Providing accounting services for an e–commerce business can be far more difficult and complex than handling accounting issues for a more traditional type of client. A frequent, large, and costly mistake made by many Internet businesses in the start–up phase is the assumption that they can handle all their financial dealings on their own, and that they can do their own accounting just by using a commercial accounting software program such as QuickBooks. In the last few years the IRS has shown an increased penchant for auditing e–businesses both large and small. Many companies have suffered and they did so most often just as a result of poor accounting and not because fraud was intended. Even many experienced CPAs fail to grasp all the complexities of tracking and documenting the finances of a company involved in e–commerce.
The marketing and sale of products and services online is a relatively new practice. The laws governing many financial issues are still very unclear even to the lawmakers themselves. To successfully provide accurate accounting services for a firm engaged in Internet commerce the accounting professional has to educate him- or herself on an almost daily basis. E-commerce accountants have to know all the rules and regulations that are currently in place, and they have to know how these rules impact the company they are working for. E-commerce accountants should also be extremely computer literate and proficient in working with the different types of accounting software. That will help them decide not only which application would integrate best in view of the company’s websites, but also the basic needs of their clients.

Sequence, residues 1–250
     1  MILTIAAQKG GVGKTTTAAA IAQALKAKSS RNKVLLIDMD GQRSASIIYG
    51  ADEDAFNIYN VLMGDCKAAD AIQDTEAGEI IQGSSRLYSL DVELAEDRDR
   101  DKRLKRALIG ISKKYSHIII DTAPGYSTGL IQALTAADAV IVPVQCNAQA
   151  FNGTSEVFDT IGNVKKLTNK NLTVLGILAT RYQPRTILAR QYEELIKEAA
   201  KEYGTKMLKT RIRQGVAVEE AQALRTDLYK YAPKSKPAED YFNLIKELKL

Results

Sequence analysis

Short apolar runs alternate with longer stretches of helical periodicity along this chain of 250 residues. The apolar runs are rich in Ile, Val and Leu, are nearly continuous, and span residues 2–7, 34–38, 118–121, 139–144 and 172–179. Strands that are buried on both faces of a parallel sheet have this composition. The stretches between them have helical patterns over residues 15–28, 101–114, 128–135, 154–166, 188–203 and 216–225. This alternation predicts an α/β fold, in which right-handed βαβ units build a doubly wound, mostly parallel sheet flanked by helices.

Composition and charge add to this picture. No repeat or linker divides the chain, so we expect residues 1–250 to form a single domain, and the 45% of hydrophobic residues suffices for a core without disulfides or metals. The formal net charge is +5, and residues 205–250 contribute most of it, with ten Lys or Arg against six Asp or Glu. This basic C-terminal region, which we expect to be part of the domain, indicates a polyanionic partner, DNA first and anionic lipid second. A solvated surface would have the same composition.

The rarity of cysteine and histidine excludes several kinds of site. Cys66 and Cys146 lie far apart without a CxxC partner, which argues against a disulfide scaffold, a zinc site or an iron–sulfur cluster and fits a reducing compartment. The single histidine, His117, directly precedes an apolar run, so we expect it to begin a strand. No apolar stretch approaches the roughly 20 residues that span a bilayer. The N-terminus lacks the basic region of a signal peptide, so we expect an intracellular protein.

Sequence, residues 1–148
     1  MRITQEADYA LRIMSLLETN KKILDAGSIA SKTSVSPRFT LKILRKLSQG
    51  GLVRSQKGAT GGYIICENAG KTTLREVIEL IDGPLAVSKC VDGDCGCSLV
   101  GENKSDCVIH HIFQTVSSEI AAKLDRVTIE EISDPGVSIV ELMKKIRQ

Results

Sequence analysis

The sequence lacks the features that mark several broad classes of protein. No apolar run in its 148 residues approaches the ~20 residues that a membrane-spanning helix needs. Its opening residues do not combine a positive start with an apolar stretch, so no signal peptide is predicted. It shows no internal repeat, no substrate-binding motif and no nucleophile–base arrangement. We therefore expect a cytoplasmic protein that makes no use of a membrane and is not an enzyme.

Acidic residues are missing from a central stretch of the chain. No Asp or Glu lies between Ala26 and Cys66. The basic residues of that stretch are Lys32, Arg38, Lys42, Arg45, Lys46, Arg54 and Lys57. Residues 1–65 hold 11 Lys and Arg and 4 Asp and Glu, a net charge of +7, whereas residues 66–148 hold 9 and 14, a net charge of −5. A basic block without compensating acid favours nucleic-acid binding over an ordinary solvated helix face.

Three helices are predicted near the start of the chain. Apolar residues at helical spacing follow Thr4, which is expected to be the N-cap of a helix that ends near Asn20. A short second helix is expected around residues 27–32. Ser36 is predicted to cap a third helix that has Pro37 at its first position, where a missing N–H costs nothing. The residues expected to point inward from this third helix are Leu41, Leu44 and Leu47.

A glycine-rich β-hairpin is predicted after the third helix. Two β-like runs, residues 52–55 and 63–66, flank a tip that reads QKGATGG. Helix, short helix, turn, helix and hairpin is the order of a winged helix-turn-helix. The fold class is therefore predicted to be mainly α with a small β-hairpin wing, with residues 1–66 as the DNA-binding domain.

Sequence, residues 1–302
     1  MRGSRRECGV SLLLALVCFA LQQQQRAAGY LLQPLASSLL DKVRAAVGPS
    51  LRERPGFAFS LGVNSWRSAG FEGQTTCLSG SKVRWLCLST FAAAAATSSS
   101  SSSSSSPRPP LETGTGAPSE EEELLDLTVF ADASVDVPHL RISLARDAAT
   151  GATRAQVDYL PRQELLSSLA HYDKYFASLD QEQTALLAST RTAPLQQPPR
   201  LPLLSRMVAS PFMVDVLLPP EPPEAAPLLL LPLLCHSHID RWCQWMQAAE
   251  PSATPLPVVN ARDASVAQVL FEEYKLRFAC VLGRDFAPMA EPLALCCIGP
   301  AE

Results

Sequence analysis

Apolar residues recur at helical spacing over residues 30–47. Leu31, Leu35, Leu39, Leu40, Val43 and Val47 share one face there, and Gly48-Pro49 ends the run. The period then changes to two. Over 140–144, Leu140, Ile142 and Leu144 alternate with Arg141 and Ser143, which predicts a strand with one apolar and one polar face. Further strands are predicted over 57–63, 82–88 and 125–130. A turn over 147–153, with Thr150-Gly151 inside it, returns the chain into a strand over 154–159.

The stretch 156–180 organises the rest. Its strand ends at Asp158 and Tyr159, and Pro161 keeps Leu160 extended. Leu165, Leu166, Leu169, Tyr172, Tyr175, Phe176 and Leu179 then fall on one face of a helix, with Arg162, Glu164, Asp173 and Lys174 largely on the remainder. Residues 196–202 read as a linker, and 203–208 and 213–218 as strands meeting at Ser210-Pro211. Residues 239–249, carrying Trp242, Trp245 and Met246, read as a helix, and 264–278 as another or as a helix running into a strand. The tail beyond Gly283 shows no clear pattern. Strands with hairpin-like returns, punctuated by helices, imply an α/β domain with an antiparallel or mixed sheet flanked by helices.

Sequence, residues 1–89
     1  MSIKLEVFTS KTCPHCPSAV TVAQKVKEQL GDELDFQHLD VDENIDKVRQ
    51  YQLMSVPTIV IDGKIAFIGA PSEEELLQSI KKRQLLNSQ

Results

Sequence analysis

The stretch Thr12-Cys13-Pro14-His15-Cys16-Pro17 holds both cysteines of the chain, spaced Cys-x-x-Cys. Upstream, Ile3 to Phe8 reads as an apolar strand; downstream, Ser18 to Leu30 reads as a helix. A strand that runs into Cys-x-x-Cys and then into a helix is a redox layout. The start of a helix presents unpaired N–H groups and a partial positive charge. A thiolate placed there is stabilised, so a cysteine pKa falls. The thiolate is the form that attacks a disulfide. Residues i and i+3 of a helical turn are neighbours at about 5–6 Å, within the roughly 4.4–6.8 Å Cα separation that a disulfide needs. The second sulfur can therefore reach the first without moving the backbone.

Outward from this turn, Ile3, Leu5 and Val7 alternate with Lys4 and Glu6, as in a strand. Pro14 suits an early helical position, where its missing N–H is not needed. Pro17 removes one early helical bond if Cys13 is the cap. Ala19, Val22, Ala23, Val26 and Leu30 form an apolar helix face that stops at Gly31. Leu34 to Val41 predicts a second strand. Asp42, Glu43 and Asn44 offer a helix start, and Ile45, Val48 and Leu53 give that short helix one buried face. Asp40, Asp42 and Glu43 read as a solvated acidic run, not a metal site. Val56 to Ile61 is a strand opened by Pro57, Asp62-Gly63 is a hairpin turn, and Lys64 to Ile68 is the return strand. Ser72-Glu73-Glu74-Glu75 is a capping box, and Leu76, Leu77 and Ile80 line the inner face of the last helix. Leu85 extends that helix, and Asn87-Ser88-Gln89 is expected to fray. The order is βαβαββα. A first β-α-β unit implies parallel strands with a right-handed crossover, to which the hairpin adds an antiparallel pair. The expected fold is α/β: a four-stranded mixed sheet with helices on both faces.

The issue of taxation is particularly difficult in the world of electronic commerce. Since the customer may be filling his virtual shopping cart from anywhere in the country, or even perhaps in the world, figuring out who should be charged sales tax, and at what rate, can be very difficult to decide. This is also true because the laws that govern the issue have changed a number of times over the last few years and are likely to do so again at any time. It is the accountant’s responsibility to ensure that a business is following the correct practices as specified by current law.
At the moment, there is very little training that is specifically geared towards those who wish to pursue accounting opportunities with a business that conducts all financial and commercial transactions in cyberspace. The best course of action that any aspiring accountant can undertake is to obtain a solid education in accounting practices in general, and to eventually obtain a recognized certification such as that of CPA (Certified Public Accountant). It is a safe assumption to make that as Web marketing continues to grow more education will become available to address the special requirements that have to be addressed when managing the finances of an Internet-based commercial venture. Many major accounting firms are now finally building special strategies for e-commerce clients and are investing their resources into the re-training of employees in this growing field.
At this time, accountants working for merchants based on the World Wide Web instead of down the local high street are not compensated any differently from their peers who service more traditional clients. Possessing a strong knowledge of e-commerce accountancy, however, can certainly give a young professional a strong advantage when competing for entry-level jobs. This is especially the case with large firms who may very well prefer to hire someone with this kind of expertise than to continue having to re-train existing employees in these new skills.